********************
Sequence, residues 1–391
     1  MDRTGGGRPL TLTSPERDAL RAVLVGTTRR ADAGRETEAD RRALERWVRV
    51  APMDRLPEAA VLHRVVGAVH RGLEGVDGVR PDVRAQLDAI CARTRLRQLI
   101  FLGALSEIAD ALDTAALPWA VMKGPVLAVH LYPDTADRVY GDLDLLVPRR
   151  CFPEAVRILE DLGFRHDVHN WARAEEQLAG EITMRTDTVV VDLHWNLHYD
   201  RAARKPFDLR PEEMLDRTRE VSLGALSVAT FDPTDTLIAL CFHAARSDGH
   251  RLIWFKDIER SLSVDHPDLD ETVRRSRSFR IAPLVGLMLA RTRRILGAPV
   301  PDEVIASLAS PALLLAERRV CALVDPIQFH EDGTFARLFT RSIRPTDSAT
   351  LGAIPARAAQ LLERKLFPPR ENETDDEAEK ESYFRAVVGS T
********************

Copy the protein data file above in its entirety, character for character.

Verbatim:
Sequence, residues 1–391
     1  MDRTGGGRPL TLTSPERDAL RAVLVGTTRR ADAGRETEAD RRALERWVRV
    51  APMDRLPEAA VLHRVVGAVH RGLEGVDGVR PDVRAQLDAI CARTRLRQLI
   101  FLGALSEIAD ALDTAALPWA VMKGPVLAVH LYPDTADRVY GDLDLLVPRR
   151  CFPEAVRILE DLGFRHDVHN WARAEEQLAG EITMRTDTVV VDLHWNLHYD
   201  RAARKPFDLR PEEMLDRTRE VSLGALSVAT FDPTDTLIAL CFHAARSDGH
   251  RLIWFKDIER SLSVDHPDLD ETVRRSRSFR IAPLVGLMLA RTRRILGAPV
   301  PDEVIASLAS PALLLAERRV CALVDPIQFH EDGTFARLFT RSIRPTDSAT
   351  LGAIPARAAQ LLERKLFPPR ENETDDEAEK ESYFRAVVGS T